Three Keys to a Successful SOX Risk Assessment

Three Keys to a Successful SOX Risk Assessment

As businesses begin their SOX planning, adopting a risk-first approach to SOX can help teams drive efficiency throughout their testing year. One of the best places to begin implementing this is during the SOX risk assessment. However, before launching this foundational step of the SOX planning and scoping process, it is important to first conduct a post-mortem of the recently wrapped SOX year (unless you are SOX testing for the first time this year). 

Devote time in the first few weeks of the new year to a thorough debrief session of last year with your SOX and/or internal audit team. Be sure to invite your control and process owners to this meeting; not only does this build a mentality of being on the same team, but it can also help lay the groundwork for best practices this year. Once you have documented your lessons learned and best practices for moving forward, you are ready to begin the risk assessment process.

SOX Management Playbook

3 Keys to a Successful SOX Risk Assessment 

The SOX risk assessment is the foundation for the entire SOX program. An auditor’s goals when performing the SOX risk assessment are:

  • Determine the materiality and the risks of material misstatement in the organization’s financial reporting processes.
  • Refresh risk and control mappings to reflect the current control environment.
  • Design test procedures to effectively test controls, based on a deep understanding of management’s expectations and risk tolerance levels.

In addition to following the guidance outlined in Auditing Standard 2110 and other relevant resources, the following are three keys to a successful SOX risk assessment.

1. Gain a baseline understanding of management’s risk tolerance and expectations. 

Auditors will sometimes roll forward their SOX controls from year to year without a proper review of management’s estimates and expectations. When performing an in-depth analysis of financial and operational data, seek to understand management’s level of risk tolerance by asking questions such as:

  • What will cause you to investigate a certain result or trend in company performance measures? 
  • What kinds of issues have you encountered, and what red flags have you looked for?  
  • What do you see as a risk to meeting your initiatives and goals?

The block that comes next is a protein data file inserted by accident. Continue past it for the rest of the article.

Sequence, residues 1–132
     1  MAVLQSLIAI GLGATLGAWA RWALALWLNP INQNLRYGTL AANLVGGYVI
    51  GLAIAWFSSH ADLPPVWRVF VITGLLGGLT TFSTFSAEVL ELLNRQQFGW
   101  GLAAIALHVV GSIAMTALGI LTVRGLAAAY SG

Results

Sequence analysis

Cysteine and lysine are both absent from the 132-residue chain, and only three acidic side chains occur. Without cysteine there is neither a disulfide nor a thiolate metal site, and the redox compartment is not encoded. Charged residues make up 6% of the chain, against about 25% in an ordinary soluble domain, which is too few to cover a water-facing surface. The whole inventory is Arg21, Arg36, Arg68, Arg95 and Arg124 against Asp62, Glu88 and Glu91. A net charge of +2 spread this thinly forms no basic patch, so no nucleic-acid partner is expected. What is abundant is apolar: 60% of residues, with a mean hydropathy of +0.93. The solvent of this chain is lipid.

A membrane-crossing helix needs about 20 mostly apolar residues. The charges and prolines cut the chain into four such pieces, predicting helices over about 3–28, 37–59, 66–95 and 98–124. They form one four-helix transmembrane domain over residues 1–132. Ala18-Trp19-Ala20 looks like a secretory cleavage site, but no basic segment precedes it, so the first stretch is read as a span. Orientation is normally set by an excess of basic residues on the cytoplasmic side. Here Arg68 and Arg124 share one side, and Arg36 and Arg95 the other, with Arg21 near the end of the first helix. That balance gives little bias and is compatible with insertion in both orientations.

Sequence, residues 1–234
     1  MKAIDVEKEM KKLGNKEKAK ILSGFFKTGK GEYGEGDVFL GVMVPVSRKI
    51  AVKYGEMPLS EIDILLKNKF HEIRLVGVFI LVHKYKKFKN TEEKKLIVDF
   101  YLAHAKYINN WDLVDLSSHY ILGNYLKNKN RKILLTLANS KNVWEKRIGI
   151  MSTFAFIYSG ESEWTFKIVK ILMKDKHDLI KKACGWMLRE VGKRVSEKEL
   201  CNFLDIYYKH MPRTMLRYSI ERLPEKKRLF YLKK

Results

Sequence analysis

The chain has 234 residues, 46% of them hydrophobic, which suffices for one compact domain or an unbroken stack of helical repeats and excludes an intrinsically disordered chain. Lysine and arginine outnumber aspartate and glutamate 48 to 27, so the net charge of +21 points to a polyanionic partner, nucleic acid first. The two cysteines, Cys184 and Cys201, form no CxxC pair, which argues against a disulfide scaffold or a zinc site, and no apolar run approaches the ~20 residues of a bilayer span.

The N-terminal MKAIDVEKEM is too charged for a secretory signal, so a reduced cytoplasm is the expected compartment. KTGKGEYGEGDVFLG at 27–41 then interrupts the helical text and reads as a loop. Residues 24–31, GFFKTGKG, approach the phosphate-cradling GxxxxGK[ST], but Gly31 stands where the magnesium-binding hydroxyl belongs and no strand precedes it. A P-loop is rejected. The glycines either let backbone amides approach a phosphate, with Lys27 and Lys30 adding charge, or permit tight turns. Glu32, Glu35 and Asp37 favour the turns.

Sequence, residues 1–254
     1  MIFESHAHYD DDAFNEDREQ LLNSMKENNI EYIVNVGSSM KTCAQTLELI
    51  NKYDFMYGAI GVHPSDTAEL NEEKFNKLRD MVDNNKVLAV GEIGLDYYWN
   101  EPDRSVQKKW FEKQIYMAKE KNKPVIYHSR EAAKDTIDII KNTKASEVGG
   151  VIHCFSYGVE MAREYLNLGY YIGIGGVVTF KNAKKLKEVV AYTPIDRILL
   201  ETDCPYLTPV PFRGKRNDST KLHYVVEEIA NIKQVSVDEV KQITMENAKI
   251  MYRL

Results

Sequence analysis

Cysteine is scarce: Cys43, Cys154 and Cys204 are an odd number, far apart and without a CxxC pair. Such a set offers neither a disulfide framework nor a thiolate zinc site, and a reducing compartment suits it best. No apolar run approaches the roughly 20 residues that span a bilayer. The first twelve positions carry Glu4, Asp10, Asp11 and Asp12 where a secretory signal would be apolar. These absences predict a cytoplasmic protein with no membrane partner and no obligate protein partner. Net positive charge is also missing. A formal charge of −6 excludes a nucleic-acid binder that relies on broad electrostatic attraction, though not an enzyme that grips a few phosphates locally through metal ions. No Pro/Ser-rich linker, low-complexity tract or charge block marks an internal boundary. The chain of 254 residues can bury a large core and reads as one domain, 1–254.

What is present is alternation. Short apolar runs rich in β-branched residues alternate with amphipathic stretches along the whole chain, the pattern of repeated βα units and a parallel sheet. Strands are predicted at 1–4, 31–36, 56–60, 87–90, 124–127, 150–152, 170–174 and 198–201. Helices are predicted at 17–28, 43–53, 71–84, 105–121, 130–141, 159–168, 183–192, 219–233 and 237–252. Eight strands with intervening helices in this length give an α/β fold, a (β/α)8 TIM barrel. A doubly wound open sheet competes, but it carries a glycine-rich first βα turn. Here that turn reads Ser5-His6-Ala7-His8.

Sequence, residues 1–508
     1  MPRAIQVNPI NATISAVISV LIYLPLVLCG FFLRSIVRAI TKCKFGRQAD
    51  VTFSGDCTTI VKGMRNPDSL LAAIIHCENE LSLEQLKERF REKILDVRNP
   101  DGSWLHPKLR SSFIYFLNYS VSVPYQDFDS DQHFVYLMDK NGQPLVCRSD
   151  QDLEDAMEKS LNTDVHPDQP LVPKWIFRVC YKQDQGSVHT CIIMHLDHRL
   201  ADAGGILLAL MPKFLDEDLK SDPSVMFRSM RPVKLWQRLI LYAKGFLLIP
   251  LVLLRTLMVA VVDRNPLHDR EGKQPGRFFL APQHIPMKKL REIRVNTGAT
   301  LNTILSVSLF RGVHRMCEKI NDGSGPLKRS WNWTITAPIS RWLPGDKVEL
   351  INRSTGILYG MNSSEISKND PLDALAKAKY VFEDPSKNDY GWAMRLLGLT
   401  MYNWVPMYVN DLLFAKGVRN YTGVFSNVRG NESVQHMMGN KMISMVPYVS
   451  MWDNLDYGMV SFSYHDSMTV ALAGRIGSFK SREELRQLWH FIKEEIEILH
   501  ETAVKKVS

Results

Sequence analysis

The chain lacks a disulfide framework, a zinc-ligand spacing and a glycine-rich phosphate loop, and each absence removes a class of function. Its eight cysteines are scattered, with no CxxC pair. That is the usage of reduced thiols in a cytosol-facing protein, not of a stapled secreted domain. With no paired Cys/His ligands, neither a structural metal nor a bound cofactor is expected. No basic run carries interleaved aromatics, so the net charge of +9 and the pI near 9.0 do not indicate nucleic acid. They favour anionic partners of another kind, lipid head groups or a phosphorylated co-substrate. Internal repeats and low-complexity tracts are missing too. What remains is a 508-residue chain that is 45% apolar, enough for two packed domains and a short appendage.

Doing so will reveal the level of precision at which tasks or controls are being executed. You can then use this information to drive the basis of your risk assessment to understand what a control will (or should) identify. 

Audit Leader Tip: Use your best judgment and don’t be afraid to push back and ask follow up questions.

2. Understand the company’s objectives and strategies for the year.

Seek to understand management’s main concerns and strategic initiatives for the year through interviews with executive stakeholders and other assurance providers. Doing so will help create a more holistic picture of the objectives and strategies of the organization that drive material line items. Review the results from other risk assessment procedures (enterprise risk assessment, fraud risk assessment, IT risk assessment) to further enhance and inform your understanding of business risks that could result in risks of material misstatement. Although the SOX risk assessment is separate from the enterprise risk assessment, there can be — and often are — related risk areas. 

Audit Leader Tip: Approach SOX through a risk-first lens. Step back and ask yourself if something should be in scope because it is at a higher risk, even if the financials would indicate it is not in scope for the year or high on the priority list.

3. Coordinate with other assurance functions to aggregate relevant information from ALL assurance activities. 

In the spirit of efficiency, collaboration, and agility, it is important to take stock of relevant work that has already been performed in your organization. Are you coordinating with related functions — e.g. internal audit, risk management, information security, compliance — to determine whether emerging risks are being considered as part of your SOX scoping efforts? Make an effort to meet regularly with other assurance team leads, as doing so can reveal insights relevant for your SOX program that may create efficiencies. For example, if your organization has a risk management function, syncing with them may help you determine whether a certain process is low risk or requires additional testing. 

Audit Leader Tip: Expedite the interview and meeting process by using surveys to reconfirm risk assessment results with other assurance functions.  

For SOX and audit practitioners seeking other practical ways to streamline their SOX program, download The SOX Management Playbook for a carefully curated guide of resources and best practices for each stage of the SOX lifecycle. 

SOX Management Playbook